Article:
Don't-Miss Networking Stories
Convenient Clear Spot travel router offers ease of setup and connects multiple devices via Wi-Fi.
Want to boost your Mac's wireless range? The BearExtender n3 does the trick, as long as you can work with a less than optimal software interface
The Clear 4G USB Modem is great if you're in a 4G coverage area; but if you live or travel in 3G service areas, you might be better off getting a dual-mode 3G/4G modem.
Buffalo’s Dualie is two things in one. It’s a dock for your iPhone or iPod and a dock for a portable 500GB hard drive.
It's the season of awards at Macworld, and in this installment of Mac Gems, Dan Frakes names the Gems of the Year.
Kerio Mail Serveris an e-mail, calendaring, contact, and to-do server that runs on three versions of the Mac OS.
DoorStop X Security Suite is a collection of three tools designed to leverage your Mac’s built-in firewall, help you understand how others are trying to access your computer, and to help you understand how to keep your Mac secure.
ShareTool lets you securely share, over the Internet, all the services on a particular computer, as well as all the services that computer can reach on its local network.
With the significant price cut, new features, and improvements to existing features, Mac OS X 10.6 Server is a solid product. For an all or mostly-Mac network, this isn’t an "if" upgrade, but a "when," especially if you have iPhone users clamoring for push services.
ScreenSharingMenulet gives you an easy-access menu for initiating Screen Sharing connections.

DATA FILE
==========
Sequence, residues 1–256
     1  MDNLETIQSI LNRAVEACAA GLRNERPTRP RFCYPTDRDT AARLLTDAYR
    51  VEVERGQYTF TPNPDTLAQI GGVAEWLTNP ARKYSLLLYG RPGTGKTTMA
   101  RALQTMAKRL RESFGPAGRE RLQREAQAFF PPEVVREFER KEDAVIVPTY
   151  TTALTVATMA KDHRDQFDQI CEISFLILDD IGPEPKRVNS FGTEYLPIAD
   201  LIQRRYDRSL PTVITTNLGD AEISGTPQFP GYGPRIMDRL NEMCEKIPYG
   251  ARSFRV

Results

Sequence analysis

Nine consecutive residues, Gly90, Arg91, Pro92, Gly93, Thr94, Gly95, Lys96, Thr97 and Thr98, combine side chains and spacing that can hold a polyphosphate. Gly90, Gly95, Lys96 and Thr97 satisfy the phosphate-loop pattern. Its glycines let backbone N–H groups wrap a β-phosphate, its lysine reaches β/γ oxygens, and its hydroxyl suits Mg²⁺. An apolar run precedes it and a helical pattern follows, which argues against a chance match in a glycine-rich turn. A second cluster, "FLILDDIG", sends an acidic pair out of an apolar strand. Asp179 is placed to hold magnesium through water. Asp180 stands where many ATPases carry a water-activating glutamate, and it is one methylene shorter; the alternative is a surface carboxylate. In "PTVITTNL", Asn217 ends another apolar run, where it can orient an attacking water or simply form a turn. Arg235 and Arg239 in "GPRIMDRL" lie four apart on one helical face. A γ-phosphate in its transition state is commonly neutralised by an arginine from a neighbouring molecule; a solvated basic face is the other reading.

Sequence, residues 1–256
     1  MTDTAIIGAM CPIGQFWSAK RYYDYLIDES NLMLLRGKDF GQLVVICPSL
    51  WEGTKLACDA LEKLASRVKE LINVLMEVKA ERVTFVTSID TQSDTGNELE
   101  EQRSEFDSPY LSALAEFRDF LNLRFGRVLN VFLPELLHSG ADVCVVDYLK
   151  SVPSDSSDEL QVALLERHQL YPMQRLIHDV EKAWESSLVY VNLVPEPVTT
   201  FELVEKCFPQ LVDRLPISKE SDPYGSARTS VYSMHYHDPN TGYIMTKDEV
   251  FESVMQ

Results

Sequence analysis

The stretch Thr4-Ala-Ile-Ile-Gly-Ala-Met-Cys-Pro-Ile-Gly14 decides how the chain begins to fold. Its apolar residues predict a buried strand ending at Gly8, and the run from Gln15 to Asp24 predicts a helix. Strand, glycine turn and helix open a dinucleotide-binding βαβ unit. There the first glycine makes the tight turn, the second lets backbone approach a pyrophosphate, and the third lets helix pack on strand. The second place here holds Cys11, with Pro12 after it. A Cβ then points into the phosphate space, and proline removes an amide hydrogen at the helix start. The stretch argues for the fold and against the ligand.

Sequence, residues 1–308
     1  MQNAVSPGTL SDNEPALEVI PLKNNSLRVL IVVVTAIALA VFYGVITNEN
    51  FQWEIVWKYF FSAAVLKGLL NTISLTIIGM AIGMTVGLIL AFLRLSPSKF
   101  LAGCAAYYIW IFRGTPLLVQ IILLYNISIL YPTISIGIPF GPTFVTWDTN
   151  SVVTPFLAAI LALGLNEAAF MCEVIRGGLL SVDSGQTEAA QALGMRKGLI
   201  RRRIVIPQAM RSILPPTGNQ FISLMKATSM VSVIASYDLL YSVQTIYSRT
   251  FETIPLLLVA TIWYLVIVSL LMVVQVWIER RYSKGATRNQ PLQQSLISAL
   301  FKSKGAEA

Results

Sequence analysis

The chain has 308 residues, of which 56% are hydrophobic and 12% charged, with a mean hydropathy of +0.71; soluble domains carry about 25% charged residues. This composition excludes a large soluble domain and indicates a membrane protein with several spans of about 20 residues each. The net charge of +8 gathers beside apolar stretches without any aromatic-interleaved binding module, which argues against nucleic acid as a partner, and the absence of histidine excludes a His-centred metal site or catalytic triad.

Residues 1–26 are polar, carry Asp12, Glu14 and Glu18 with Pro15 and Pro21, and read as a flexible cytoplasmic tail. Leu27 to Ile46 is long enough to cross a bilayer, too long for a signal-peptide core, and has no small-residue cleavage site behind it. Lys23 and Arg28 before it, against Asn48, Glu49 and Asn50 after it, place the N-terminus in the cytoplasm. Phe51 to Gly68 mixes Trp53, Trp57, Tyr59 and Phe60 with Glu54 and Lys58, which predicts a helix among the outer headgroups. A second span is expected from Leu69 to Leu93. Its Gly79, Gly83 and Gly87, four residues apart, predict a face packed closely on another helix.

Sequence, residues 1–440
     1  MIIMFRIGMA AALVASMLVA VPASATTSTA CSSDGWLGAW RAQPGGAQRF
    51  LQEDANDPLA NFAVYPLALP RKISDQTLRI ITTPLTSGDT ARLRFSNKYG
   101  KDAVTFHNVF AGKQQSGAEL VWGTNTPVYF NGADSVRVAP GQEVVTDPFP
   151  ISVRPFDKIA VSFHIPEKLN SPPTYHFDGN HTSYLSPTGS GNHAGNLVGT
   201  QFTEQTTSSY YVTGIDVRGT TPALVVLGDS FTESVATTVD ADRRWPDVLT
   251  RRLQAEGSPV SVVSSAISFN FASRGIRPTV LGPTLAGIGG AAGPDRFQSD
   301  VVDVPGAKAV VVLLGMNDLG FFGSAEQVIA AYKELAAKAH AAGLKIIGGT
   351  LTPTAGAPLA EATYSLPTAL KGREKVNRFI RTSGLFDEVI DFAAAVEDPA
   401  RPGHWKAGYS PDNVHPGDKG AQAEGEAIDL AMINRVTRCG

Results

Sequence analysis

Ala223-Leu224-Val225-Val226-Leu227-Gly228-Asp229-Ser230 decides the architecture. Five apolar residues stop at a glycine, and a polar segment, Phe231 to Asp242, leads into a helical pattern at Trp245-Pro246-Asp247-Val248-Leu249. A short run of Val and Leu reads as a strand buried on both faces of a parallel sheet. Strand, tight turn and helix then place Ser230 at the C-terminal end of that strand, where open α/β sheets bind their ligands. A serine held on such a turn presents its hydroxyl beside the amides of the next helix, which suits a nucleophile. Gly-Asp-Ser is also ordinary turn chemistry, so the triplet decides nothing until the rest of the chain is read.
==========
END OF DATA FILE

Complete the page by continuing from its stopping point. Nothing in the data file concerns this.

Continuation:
If you occasionally want to access your home Mac from afar, whether it be to reach shared files, access a Web server, check in on a Web cam, or any other such purpose, Port Map is a free solution that can make the process simpler.
Increasingly, the airwaves around us are a jungle of competing wireless signals. Koingo Software’s AirRadar not only helps cut through the clutter, but also provides useful information about your wireless signal of choice.
WakeOnLan lets you wake your sleeping desktop Mac from your laptop.
Apple's latest Time Capsules are what any good networking and backup devices should be: easy to set up, manage, and forget about. If you're replacing an older base station and want to use Time Machine to back up multiple Macs, the new Time Capsule is well worth it.
The 2009 version of the AirPort Extreme Base Station packs in a ton of features, as well as speed, into a small, reasonably priced package. If you’re looking to replace your current Wi-Fi router, you can’t go wrong with the AirPort Extreme. If you’re running a small business, the new guest network feature alone might be worth the $179 price tag.